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NWSL and the WNBA

 
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ClayK



Joined: 11 Oct 2005
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PostPosted: 07/09/19 9:47 am    ::: NWSL and the WNBA Reply Reply with quote

In a down summer for the WNBA (the stars are MIA, for the most part, and so far the play has been below previous standards of quality), women's soccer started sucking all the women's sports' oxygen out of the room.

So, question 1: Is there room in the media market and the fan base for women's sports for a highly successful WNBA and highly successful NWSL?

My sense would be that the fan base is probably there, but the media market (sponsorships and local broadcasts) might be a tougher sell. From a media/branding perspective, how much difference is there in supporting basketball over soccer, and how much is gained by supporting both rather than one?

There is a problem with the fan base, though, as both leagues play at the same time, so again the question is whether the NWSL's new fans will be created or some percentage will shift over from the WNBA? I think they're pretty different, though I don't really know, but there probably is some overlap.

Question 2: Ownership -- are there enough potential owners for both leagues, especially as profits will likely be hard to come by?

I don't follow MLS that much, but I read that the continued expansion and resulting fees are keeping many teams afloat, and that a lot are still underwater. If the men's league is struggling, it follows that the women probably will to some extent -- much like the WNBA.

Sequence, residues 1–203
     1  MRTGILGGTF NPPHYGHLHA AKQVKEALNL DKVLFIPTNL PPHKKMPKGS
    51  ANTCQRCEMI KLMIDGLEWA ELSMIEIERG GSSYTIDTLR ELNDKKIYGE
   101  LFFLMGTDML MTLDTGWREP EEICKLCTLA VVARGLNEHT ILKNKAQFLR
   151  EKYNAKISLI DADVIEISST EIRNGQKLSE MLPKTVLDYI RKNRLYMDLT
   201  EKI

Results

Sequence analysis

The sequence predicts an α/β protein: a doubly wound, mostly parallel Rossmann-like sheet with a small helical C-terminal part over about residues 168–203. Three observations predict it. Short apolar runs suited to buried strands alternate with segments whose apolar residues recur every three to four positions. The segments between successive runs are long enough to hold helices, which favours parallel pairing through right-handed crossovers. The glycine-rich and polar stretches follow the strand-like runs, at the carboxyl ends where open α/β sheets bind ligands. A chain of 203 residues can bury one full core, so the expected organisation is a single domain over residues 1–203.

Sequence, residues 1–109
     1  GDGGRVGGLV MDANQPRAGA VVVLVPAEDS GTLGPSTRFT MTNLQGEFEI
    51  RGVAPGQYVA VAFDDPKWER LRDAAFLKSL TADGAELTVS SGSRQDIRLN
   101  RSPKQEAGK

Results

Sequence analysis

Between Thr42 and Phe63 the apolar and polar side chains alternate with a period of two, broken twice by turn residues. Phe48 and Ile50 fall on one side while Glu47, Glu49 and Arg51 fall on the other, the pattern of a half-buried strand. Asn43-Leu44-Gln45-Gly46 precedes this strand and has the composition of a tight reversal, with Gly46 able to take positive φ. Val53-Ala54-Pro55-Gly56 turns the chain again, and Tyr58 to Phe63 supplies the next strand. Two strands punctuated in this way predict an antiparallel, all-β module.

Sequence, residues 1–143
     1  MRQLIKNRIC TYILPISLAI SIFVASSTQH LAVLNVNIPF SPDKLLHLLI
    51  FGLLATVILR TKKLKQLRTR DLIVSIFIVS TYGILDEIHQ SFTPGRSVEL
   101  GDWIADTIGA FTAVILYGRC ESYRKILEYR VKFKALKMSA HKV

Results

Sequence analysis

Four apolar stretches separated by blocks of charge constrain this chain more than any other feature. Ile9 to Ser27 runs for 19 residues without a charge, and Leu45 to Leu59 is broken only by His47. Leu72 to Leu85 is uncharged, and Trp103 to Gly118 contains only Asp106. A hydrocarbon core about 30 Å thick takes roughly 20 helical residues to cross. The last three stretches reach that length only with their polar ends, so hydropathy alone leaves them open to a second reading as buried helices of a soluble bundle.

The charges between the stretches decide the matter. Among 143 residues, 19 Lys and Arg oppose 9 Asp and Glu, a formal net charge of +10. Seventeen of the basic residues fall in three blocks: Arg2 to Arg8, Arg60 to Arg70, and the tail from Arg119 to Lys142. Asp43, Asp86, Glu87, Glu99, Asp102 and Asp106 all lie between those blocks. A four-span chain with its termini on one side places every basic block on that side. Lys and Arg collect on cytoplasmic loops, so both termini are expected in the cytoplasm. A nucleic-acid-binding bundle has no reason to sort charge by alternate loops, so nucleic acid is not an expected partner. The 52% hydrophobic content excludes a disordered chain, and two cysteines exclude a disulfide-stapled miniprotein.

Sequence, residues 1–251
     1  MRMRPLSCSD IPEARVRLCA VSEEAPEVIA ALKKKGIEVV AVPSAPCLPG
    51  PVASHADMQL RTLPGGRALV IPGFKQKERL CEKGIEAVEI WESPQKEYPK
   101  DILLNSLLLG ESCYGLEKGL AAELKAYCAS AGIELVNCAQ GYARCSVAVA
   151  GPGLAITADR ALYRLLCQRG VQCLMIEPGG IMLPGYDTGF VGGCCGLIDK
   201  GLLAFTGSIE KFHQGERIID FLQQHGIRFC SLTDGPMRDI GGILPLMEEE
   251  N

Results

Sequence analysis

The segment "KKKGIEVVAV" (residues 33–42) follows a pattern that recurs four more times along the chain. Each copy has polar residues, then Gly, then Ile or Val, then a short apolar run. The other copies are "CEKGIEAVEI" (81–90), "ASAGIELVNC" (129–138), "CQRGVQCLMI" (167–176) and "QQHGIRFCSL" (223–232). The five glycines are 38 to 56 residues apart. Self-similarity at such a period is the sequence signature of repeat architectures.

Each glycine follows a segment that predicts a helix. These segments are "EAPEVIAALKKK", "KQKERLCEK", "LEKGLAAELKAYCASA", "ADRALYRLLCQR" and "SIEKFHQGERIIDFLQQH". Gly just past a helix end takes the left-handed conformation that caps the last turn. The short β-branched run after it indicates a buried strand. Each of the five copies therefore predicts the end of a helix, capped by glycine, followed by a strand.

So is the potential pool of owners of women's franchises big enough to support both an expanded, upgraded NWSL and a healthy, expanded WNBA?

The answers to both questions depend in part on how much of a separate fan base/community/ownership pool does women's soccer have, as opposed to the fan base/community/ownership pool being more generally interested in women's sports?

I don't really know, as I've paid little attention to the NWSL, which I didn't know for sure until today doesn't have a franchise in the Bay Area (it's obvious when I think about it, though).



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threadkiller1201



Joined: 19 Sep 2005
Posts: 259
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PostPosted: 07/11/19 3:11 pm    ::: Reply Reply with quote

I've decided to be a season-ticket holder for both my local WNBA team and NWSL team, mostly to support women's sports, tho it can get kind of hairy when games do conflict!